Monday, 7 July 2014

North Cliffe Wood in summer

I realised I had never paid a visit to this Yorkshire Wildlife Trust reserve in summer, so today was the day. A Red Kite glided low over the car just past Little Weighton, and on the same straight of the road, a male Yellowhammer sat by the hedge, in the same position as the four last times I've driven past this spot. By the time I got to the reserve I had added Kestrel, Sparrowhawk and Buzzard to the trip raptor list.
 I started the walk at the western side of the reserve. The paths were quite muddy after the recent rains. There were many Ringlets on the wing, and in a clearing by an old and gnarled oak on the path I saw a Red Admiral, and as I followed it a large buzzing insect gave it chase and I realised it was a hornet. It stopped to feed on sap seeping from some wounds on the tree trunk, and was surrounded by greenbottles and various other flies (and probably was the site where the Red Admiral had intended to feed). It was quite high on the tree, so no close shots, but this is the first time I have a confirmed sighting of this species.

 As I entered the open, heath area I heard the buzzing of insects feeding on the flowering lime trees. Bumblebees, honeybees and this meadow brown enjoyed the flowers.
It is easy to walk quietly on this part of the reserve, as the paths are covered on moss. Maybe that's why I could get so close to this hare.
I was trying to photograph a Green-Veined White, when a fox emerged from the bracken. It walked about, turned round and trotted to my left. When this fox had just disappeared, another, larger, handsomer individual appeared from the same spot. This time I had the camera ready, and I am pleased with the automatic image stabilisation that could correct, at least partially, the effects of my shaking hands. The fox was at ease, and followed much the same path as the previous one. At some point it was walking straight towards me, not quite 10 m away, but the noise of the camera shutter alerted him and as he saw me, he turned round and bounded to the safety of the bracken. The following, and the one on top of the post are my favourites.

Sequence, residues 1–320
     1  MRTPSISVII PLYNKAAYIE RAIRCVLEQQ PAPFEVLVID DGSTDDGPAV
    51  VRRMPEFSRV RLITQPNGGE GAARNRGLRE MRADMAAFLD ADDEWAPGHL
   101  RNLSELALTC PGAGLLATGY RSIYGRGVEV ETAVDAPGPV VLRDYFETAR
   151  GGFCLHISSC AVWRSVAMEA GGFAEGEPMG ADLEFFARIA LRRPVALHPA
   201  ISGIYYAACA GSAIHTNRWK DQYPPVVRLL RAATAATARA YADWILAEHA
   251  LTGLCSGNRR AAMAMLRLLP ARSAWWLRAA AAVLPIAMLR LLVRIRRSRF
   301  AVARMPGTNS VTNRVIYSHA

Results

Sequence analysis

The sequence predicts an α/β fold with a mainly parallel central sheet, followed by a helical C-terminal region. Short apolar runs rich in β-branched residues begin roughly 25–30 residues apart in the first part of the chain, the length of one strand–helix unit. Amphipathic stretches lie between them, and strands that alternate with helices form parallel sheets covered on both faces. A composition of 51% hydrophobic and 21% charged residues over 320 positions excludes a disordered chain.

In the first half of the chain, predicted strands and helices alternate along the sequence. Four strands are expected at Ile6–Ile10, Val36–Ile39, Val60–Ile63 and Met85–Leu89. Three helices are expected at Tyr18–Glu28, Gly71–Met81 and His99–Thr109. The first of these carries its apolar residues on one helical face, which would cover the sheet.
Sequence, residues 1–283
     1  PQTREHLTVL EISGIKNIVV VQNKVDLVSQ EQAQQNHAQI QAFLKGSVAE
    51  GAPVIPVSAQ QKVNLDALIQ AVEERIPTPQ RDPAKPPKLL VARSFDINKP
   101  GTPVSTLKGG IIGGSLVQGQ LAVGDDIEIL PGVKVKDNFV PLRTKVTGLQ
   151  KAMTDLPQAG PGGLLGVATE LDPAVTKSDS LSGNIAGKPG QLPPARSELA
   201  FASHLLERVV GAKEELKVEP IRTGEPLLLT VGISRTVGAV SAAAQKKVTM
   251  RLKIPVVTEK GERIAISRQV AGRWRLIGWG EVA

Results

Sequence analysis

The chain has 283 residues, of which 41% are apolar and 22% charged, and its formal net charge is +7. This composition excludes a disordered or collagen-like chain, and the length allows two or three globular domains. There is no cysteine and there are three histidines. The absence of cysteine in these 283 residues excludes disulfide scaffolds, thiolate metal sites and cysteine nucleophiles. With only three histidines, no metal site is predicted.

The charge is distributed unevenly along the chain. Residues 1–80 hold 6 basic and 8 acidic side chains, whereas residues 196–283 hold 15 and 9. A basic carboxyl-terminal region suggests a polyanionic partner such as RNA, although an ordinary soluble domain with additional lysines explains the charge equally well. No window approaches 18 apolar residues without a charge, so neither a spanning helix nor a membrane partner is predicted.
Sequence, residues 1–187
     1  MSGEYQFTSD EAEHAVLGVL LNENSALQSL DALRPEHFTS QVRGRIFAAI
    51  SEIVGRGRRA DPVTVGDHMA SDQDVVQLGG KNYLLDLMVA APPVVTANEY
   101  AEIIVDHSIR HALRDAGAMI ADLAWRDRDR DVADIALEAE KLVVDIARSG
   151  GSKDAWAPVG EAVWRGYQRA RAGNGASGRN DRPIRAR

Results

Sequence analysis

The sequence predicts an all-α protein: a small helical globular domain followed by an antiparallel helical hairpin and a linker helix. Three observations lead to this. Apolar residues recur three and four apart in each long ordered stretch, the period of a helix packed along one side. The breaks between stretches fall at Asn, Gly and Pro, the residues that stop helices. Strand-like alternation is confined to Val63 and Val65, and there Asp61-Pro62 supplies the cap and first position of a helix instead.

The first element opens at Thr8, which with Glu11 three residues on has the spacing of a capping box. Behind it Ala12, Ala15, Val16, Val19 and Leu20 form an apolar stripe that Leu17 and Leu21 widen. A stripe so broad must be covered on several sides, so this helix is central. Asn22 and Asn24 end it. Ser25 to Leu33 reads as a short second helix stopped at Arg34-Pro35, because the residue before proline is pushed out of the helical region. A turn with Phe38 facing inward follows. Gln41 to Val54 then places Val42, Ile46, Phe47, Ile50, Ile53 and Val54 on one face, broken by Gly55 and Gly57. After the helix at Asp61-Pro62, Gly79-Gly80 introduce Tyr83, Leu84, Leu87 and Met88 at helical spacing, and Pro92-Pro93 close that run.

After this magic encounter, I wandered towards the woods and flushed a Buzzard, which was immediately mobbed by a family of Carrion Crows. As I entered the woods, squadrons of bloodthirsty mosquitoes descended on me. I practiced the mosquito-splatting technique on my arms until they were almost numb, and found it quite hard to concentrate on photographing anything inside the wood. A couple of dragonflies and damselflies had to be left aside to carry on with the mosquito splatting. I just managed a treecreeper and a few butterflies.
Treecreeper. See it? 
 But was unable to located a calling Sparrowhawk on a tree.
Speckled Wood
Episyrphus balteatus and pollen beetles in Hawkbit

  1. Red Admiral
  2. Small Heath
  3. Ringlet
  4. Green-veined white
  5. Meadow Brown

  1. Black-headed Gull
  2. Blackbird
  3. Blackcap
  4. Blue Tit
  5. Bullfinch
  6. Buzzard
  7. Carrion Crow
  8. Chaffinch
  9. Chiffchaff
  10. Great Spotted Woodpecker
  11. Great Tit
  12. Jay
  13. Long-tailed Tit
  14. Pheasant
  15. Robin
  16. Skylark
  17. Sparrowhawk
  18. Swallow
  19. Swift
  20. Treecreeper
  21. Whitethroat
  22. Woodpigeon
  23. Wren
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